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Malinda Seymore @adoptiontalk
, 18 tweets, 5 min read Read on Twitter
1.This thread is to help law students analyze some of the questions arising from the #BirthrightCitizenship debate. I'm trying to help you answer questions your non-lawyer friends might have and to take it beyond political partisanship into legal method. That's your value-added.
2. Here's what the 14th Amendment says: "All persons born or naturalized in the United States, and subject to the jurisdiction thereof, are citizens of the United States." The issue in this current debate is the meaning of "subject to the jurisdiction" of the U.S.
3. How to decide what the Constitution means? Four basic (over-simplified!) methods: a. Textualism; b. Originalism; c. Precedence; d. Policy Preference. More on each in the following tweets.
4. Textualism: What is the plain meaning of the phrase "subject to the jurisdiction?" Black's Law Dictionary: Jurisdiction is “[a] government’s general power to exercise authority.” Like a court's power to compel attendance and obedience to its orders. Under this definition,
5. undocumented immigrants are obviously subject to jurisdiction under a textualist reading -- they can be sued, they can be criminally prosecuted. @PaulGowder explains this well here:…
6. Originalism: What was the meaning of the phrase "subject to the jurisdiction" of the U.S. at the time the 14th Amendment was adopted? It's really clear in the historical record. I've written about birthright citizenship in another context:…
7. Birthright citizenship came to the U.S. via English common law (as did everything else!), and meant all those born within the sovereign territory, EXCEPT those not subject to the jurisdiction of the country. Who was not "subject to the jurisdiction?" Only two categories:
8. Children of ambassadors with diplomatic immunity and children of occupying armies! Their parents could not be sued or prosecuted for crime because they were not subject to a duty of obedience to the sovereign. That's it!
9. When Senator Howard proposed the citizenship clause of the 14th Am. he was just codifying the long-standing law of the U.S., birthright citizenship. And the only exclusion he mentions is the foreign diplomat exception. The amendment "will include every other class of person."
10. Now-Judge James Ho of the 5th Circuit (appointed by Trump) explains the originalist understanding of the clause better than I can: Defining “American:”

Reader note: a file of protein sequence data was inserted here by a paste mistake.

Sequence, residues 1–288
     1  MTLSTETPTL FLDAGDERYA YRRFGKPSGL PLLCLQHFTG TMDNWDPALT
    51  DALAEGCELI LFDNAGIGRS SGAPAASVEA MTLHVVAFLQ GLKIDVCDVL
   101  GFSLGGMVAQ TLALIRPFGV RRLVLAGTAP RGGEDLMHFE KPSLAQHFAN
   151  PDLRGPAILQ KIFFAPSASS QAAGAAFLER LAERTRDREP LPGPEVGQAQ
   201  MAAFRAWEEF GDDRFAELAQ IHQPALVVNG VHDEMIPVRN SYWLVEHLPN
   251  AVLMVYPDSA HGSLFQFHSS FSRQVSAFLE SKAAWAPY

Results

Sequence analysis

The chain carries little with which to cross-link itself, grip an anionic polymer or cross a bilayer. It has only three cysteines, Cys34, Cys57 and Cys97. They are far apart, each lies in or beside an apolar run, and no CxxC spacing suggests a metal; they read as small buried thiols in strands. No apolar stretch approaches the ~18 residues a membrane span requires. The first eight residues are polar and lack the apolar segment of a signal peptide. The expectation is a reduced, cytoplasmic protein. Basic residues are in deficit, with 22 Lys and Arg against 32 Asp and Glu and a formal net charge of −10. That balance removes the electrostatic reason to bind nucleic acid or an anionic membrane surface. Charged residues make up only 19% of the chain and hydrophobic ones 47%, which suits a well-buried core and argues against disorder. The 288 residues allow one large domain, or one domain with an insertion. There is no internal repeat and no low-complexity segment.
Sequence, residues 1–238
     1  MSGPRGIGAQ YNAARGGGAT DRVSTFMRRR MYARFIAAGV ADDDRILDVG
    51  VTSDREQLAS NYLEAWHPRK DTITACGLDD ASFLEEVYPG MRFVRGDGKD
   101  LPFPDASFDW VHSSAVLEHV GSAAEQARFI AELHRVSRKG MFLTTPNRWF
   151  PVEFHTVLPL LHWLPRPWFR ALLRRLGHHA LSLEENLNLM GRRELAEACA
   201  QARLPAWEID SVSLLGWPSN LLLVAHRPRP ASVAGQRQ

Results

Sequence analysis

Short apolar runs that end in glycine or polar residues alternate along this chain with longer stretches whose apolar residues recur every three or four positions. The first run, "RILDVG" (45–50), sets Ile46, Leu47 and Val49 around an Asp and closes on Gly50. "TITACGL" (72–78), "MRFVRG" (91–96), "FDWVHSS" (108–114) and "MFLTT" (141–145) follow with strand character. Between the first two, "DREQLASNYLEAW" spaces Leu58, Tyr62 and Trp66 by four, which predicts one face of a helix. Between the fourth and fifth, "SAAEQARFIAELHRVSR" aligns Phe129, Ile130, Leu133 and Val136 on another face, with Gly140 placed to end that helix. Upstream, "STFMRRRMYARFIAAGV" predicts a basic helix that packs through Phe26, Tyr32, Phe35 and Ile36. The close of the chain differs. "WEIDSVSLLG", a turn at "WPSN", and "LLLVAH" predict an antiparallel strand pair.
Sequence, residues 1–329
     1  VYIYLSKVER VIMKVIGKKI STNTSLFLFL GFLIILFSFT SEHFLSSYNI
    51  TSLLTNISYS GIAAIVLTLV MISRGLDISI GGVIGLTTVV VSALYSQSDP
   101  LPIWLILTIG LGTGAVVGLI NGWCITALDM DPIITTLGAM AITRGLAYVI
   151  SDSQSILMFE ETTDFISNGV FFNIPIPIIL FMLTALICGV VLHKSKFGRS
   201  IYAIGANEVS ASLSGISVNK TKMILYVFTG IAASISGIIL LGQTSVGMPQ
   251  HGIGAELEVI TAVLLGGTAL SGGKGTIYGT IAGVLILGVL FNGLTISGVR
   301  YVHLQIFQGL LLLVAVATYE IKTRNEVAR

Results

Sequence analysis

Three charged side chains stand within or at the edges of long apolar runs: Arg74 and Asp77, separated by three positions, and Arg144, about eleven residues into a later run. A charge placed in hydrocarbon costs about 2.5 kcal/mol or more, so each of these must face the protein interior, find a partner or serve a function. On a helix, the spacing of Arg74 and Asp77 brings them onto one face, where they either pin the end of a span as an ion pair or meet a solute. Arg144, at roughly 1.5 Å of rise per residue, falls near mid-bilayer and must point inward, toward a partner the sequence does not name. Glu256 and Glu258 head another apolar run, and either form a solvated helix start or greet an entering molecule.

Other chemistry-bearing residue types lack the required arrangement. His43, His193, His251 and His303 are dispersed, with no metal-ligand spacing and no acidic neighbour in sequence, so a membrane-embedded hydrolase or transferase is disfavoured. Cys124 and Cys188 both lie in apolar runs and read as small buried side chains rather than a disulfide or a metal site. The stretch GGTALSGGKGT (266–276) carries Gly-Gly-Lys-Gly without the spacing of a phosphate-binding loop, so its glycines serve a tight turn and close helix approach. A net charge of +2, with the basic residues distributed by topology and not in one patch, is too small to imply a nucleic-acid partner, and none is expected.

Birthright Citizenship and the Original Understanding of the 14th Amendment…
11. Third method of interpretation: Precedence -- what has the Supreme Court said "subject to the jurisdiction" means? Read U.S. v. Wong Kim Ark, 169 U.S. 649 (1898).… Or any of the 1,500-some cases that have cited it without questioning it.
12. In Wong Kim Ark, the Court accepted the originalist definition of "subject to the jurisdiction," excepting out only the children of foreign ambassadors, foreign conquerors, and "Indians not taxed" since they were members of sovereign tribes.
13. Some argue Wong Kim Ark can't answer the question since his parents were legally in the U.S. Were they? The Court never actually says that. They were "resident aliens," but they were also ineligible for citizenship because of racist policies that excluded the Chinese. But
14. the Court's silence as to their status, and its focus on narrow exceptions that thereby included everyone else, makes it a hard argument to make that "subject to the jurisdiction" excludes undocumented immigrants. The Court's analysis INCLUDED everyone not EXCLUDED.
15. That takes us to Policy Preference as a method of defining the Constitution. What SHOULD the phrase "subject to the jurisdiction" mean, unmoored from plain meaning, original intent or precedence? That's the political argument. But keep a few things in mind as you answer:
16. Should we really redefine words and phrases in the Constitution via executive order or statute? What about redefining "arms" in the Second Amendment to mean "only knives" by passing a statute or executive order? Are you OK with that?
17. Things changed via executive order can be changed again by the next President. Statutes can be changed at the will of Congress. Imagine the chaos if citizenship, of all things, changed at the whim of who is next in power and then changed again with a change in leadership.
18. How easy should we make it to strip citizenship from disfavored groups at the whim of the majority? There's a reason it's hard to change the Constitution. /END.
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